Style and Technique (Masterplots II: Short Story Series, Revised Edition)
Welty grew up in Jackson, Mississippi, and has seldom left its confines, yet manages to address in her fiction, with quiet stealth, human issues that transcend time and place. This bittersweet summer memory, recalled by the narrator over the distance of some years, is as quiet as the summer day it depicts, wrapped in the same sultry air, and illuminated by the same glaring, steely sun as the memory itself.
A plot, Welty has mused in her essays, “is not a pattern imposed; it is inward emotion acted out.” She strives in this story, as in all of her work, to write the depths of human character and emotion, to find in the small moment the motives that drive everyone. The vermilion red of the blood running across the white handkerchief, reminiscent of menstrual blood gushing unbidden, is so instantly recognizable to the young girl that she faints. A surreptitious touch, never acknowledged, becomes the object of passionate fantasy. The young girl’s body lies unexplored, so alien to its owner that she never relates a single physical sensation throughout the entire story. However, she is fascinated and horrified by the sagging, obvious body of the fat woman.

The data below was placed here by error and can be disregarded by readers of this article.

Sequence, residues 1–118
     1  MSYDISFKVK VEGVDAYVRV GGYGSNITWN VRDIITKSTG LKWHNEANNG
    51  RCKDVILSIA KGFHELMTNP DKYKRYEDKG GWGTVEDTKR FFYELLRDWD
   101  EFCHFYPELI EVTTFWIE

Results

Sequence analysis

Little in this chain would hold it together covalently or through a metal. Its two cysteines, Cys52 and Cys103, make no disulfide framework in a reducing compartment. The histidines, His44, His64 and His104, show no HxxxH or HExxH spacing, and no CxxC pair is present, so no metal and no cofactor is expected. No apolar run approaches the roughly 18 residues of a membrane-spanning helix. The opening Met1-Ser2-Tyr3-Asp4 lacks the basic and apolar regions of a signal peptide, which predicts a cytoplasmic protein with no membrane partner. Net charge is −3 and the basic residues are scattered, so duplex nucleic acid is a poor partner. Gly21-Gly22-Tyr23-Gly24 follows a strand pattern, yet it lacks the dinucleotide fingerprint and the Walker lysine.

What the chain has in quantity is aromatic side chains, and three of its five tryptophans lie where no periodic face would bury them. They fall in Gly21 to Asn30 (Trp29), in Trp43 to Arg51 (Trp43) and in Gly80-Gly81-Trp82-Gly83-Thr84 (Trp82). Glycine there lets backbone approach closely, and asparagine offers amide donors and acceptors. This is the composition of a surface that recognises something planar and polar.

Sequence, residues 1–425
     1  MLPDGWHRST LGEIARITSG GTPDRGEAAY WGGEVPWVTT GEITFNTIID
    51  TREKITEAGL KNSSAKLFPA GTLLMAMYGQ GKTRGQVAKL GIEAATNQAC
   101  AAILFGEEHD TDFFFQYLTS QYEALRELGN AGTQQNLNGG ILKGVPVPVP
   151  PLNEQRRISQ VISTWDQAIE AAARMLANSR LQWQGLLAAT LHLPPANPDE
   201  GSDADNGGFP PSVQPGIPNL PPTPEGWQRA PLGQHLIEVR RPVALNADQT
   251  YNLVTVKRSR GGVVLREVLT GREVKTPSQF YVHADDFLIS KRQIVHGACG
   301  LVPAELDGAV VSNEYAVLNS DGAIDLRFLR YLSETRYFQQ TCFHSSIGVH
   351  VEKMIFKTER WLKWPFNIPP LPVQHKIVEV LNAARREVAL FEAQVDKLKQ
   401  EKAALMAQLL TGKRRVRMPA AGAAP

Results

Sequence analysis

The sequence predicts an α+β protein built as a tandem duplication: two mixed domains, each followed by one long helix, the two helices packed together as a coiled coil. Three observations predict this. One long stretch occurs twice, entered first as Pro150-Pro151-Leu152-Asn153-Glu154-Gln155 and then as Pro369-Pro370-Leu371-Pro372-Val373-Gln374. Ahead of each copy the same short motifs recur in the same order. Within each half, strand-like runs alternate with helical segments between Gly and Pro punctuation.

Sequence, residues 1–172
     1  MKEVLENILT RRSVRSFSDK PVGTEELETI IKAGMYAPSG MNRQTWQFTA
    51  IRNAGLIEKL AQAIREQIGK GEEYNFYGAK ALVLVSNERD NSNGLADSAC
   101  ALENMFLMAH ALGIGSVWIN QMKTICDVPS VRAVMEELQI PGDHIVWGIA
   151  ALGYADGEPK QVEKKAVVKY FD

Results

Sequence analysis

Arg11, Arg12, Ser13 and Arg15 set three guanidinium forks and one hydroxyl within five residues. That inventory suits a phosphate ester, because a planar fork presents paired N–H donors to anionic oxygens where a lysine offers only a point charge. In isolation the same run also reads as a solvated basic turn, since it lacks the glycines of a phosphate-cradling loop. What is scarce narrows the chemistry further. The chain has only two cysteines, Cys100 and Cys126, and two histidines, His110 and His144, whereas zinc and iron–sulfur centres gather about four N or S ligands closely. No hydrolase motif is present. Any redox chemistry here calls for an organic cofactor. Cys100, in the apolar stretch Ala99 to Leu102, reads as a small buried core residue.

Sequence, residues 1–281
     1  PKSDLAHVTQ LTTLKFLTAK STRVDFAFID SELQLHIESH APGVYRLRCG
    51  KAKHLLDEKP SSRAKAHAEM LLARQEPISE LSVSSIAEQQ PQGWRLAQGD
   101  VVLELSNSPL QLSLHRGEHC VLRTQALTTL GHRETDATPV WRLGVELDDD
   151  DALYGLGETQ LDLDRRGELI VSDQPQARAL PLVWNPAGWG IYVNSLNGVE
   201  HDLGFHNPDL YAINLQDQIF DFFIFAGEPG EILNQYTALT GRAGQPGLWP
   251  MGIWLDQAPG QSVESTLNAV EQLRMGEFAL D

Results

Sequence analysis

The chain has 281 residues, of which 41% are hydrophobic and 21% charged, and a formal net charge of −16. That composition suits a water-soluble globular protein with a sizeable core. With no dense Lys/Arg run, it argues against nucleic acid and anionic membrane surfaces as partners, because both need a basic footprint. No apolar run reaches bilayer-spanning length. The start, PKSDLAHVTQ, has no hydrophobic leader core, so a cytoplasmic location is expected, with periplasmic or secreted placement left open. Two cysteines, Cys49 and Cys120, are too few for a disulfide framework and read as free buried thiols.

Welty expresses the change in the girl in the symbol of the white pavilion that lies near the lake. At the beginning of the story, it has a “clean pointed roof,” while at the end, it lies “small” and “worn,” so pitiful that the girl bursts into tears. The framed world she saw...
(The entire section is 271 words.)
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Bibliography (Masterplots II: Short Story Series, Revised Edition)
Champion, Laurie. The Critical Response to Eudora Welty’s Fiction. Westport, Conn.: Greenwood Press, 1994.
Gygax, Franziska. Serious Daring from Within: Female Narrative Strategies in Eudora Welty’s Novels. New York: Greenwood Press, 1990.
Gretlund, Jan Nordby. Eudora Welty’s Aesthetics of Place. Newark: University of Delaware Press, 1994.
Gretlund, Jan Nordby, and Karl-Heinz Westarp, eds. The Late Novels of Eudora Welty. Columbia: University of South Carolina Press, 1998.
Johnston, Carol Ann. Eudora Welty: A Study of the Short Fiction. New York: Twayne, 1997.
Kreyling, Michael. Understanding Eudora Welty. Columbia: University of South Carolina Press, 1999.
McHaney, Pearl Amelia, ed. Eudora Welty: Writers’ Reflections upon First Reading Welty. Athens, Ga.: Hill Street Press, 1999.
Montgomery, Marion. Eudora Welty and Walker Percy: The Concept of Home in Their Lives and Literature. Jefferson, N.C.: McFarland, 2004.
Waldron, Ann. Eudora: A Writer’s Life. New York: Doubleday, 1998.
Weston, Ruth D. Gothic Traditions and Narrative Techniques in the Fiction of Eudora Welty. Baton Rouge: Louisiana State...
(The entire section is 157 words.)